Andy Sammons is Head of Department for a large secondary school in the north of England, and author of 'The Compassionate Teacher'. Here he highlights the importance of planning for training and newly qualified teachers.

by Andy Sammons
20th August 2020



Unfortunately, many teacher training or induction programmes are stuffed full of lots of useful bits and pieces of information that help us fill up our lessons. Lesson planning is something trainees are shown how to do, but there’s a serious paucity of reflection over the essence of what teaching and learning actually is.

The basic organisational elements of planning have three timeframes:

  • short: the next week’s lessons
  • medium: the unit of work you are covering over the next few weeks
  • long: the overall journey of the class throughout the year.

Remember that knowledge and skills need to drive everything. Ideally, at the start of a year, you should make time to look at the overall yearly plan in terms of what assessments are testing throughout the year, and make yourself aware of the generic skills that underpin all of these. That way, when you plan your way through units of work, you’ll have a real idea of how the skills your students need will fit together throughout the year.

In terms of orienting your way through units of work, the key is to start from the end – by looking at the assessment. What knowledge and skills are required for the students to succeed? In other words, if a student were to knock the assessment out of the park, what would they need to know and what would they need to do? Think about how those skills can be mapped onto the weeks leading up to the assessment. 

Sadly, all too often, schools can place too much emphasis on whether books are marked with particular colours, using particular codes and at particular intervals. What they should be doing is developing their teachers’ understanding of how lessons fit into weeks, and how weeks come together to fit into whole units of work.

The stuff that gets judged on Learning Walks and Book Looks is only really worth looking at when lessons fit together properly and build towards something. Short-, medium- and long-term plans need to speak to each other continually, particularly the first two. Ploughing on with a medium-term plan when the shorter-term stuff isn’t working will not make things OK.

There is one thing all good teachers have in common: they reflect, and they aren’t afraid to make changes where they see the need. Often, an assessment won’t change, but how we get to that end point needs to give the students as much chance as possible to master the knowledge and skills for success.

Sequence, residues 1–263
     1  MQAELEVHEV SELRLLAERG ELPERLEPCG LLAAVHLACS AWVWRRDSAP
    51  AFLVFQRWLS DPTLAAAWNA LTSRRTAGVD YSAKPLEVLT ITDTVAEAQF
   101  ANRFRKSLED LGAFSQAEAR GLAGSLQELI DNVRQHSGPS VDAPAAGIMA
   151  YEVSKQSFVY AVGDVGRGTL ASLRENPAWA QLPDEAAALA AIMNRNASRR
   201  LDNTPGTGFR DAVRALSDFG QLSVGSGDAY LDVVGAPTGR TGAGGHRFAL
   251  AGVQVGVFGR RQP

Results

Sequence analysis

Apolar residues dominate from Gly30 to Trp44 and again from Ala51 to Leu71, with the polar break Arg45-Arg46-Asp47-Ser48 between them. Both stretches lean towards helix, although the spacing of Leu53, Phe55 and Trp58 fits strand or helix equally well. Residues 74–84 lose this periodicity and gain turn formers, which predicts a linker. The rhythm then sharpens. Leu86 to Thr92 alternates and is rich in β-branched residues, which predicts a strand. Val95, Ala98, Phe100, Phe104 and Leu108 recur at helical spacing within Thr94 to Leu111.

The key – at least day to day – is to continually keep that dialogue of short- and medium-term planning going in your mind.

Reflections to keep your planning as sharp as it can be: 

Short term

Reflect on these each week:

  • What am I covering at this point in the unit of work?
  • Are my learning objectives/questions explicit? Do they offer students a chance of success in actually being able to achieve it?
  • What specific skills and knowledge are needed to make sure I cover it effectively?
  • What vocabulary is going to be most helpful in scaffolding the students’ understanding of the topic?

Medium term

Revisit these questions every two or three weeks:

  • Am I clear in my ‘direction of travel?’ in the sense that I have a clear idea of the skills and knowledge that are being developed at each point, and what I think success ‘looks like’ for the students?
  • What opportunities for recapping am I giving the students across the unit of work? Recap can include low-stakes quizzes, crosswords, ‘This is the answer, what is the question?’, etc.
  • What opportunities for self- and peer-assessment am I giving students so that they can explicitly see how they are developing?
  • Are the students clear on their ‘end goal’ of assessment in each of their lessons? Do I have a ‘big picture’ slide with all of the key information for the unit, so that I can share this with them each lesson?

Long term

Keep these in the back of your mind – ideally revisit termly. This is the hardest timeframe to get your head round, but trust me, if you keep the questions in mind, it will hugely pay off for your class.

  • Looking at the units of work overall, depending on your subject, what are the themes or skills that underpin the units across the year?
  • What do these skills look like in each unit of work? How can I make thematic links between units of work that will help the students understand how they’ve developed over the year?



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